1. I do see pieces of myself and others in my life in my characters. I try to write about what I know about along with pure fiction. For instance, begin relatively short, I know what types of things relate to my height. I'd have to interview someone or guess if I wrote about a very tall woman. And, like you, I take experiences from real life and fit them to my stories. Again, our stories are a little more real if we write about things we with which we have firsthand experience.

  2. Of course our best characters are composites of people who have affected us in one way or another. I sometimes think we writers are constantly interviewing people, gathering material that may one day come in handy

  3. Marja and John,
    The whole process of creating characters fascinates me. Morgen Bailey wrote in one of her recent posts about a t-shirt she bought. It said something like, "Be careful what you say and do around me. I might just use you in one of my books."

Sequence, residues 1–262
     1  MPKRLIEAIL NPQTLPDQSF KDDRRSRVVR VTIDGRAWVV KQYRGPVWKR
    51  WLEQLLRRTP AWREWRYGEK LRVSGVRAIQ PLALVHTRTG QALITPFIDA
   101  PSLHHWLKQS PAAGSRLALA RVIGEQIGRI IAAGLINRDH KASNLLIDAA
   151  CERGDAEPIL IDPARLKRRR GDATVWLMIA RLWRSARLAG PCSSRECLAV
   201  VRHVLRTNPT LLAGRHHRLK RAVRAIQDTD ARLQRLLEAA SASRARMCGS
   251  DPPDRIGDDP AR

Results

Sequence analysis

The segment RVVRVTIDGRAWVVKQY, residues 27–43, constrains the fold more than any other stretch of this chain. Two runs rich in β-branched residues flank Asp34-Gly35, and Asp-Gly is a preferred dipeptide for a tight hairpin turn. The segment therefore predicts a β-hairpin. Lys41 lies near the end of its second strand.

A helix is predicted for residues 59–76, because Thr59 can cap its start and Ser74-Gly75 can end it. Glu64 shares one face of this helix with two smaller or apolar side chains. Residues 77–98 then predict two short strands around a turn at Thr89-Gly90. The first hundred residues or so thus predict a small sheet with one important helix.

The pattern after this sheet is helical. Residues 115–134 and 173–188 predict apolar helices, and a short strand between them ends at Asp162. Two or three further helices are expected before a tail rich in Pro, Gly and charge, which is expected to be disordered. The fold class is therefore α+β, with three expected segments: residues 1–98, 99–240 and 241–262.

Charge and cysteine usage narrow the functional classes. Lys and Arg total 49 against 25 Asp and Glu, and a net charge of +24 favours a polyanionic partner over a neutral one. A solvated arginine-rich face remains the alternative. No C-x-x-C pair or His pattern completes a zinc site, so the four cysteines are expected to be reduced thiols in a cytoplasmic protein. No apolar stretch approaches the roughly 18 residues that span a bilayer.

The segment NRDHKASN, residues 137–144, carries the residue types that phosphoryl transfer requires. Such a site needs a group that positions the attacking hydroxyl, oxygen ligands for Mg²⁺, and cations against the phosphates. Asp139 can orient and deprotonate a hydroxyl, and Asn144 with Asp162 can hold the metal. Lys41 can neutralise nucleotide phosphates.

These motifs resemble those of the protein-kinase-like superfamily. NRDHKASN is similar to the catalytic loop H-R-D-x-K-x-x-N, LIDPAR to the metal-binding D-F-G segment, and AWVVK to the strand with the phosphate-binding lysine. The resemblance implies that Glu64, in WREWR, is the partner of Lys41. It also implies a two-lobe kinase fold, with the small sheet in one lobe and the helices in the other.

4. I read somewhere John Fowles based some of his major male characters on a dual view of himself--one from how he saw himself, the other on how he would have liked others to see himself.

  5. Interesting, John. My daughter once said to me, "That character is you, isn't it?" I didn't realize what I had done.

    My characters continue to grow as i write about them. The character "Possum" in ESCAPE FROM THE ALAMO started as a grizzled mountaineer. He evolved into a teenager; I had to go back and update him from the start.

  6. Everyone thinks I'm "Christy" from my novels, but she's much more judgmental, too tidy and drives me crazy with her insecurities. I love writing the character of Lennie, who is based on a woman I know from my Navy days. Rodrigo is a man I worked with in Narcotics, as is Wolfe and many others in the book.

    My life is peopled with interesting characters. Makes it easier to write; if you got it, use it.

  7. Because my most recent protagonist is eighty-four years old, people are often surprised when I turn out to be considerably younger. So I tell them that deep down, I am Henry Grave, minus the diabetes, titanium hip, and proclivity for napping.

  8. Thank you all for your comments.
    It seems to be a common misconception that writers model their main character after themselves. Most of us don't(except, of course, the author J.R. mentioned) but, traits we possess do tend to come through in one form or another in the characters we create.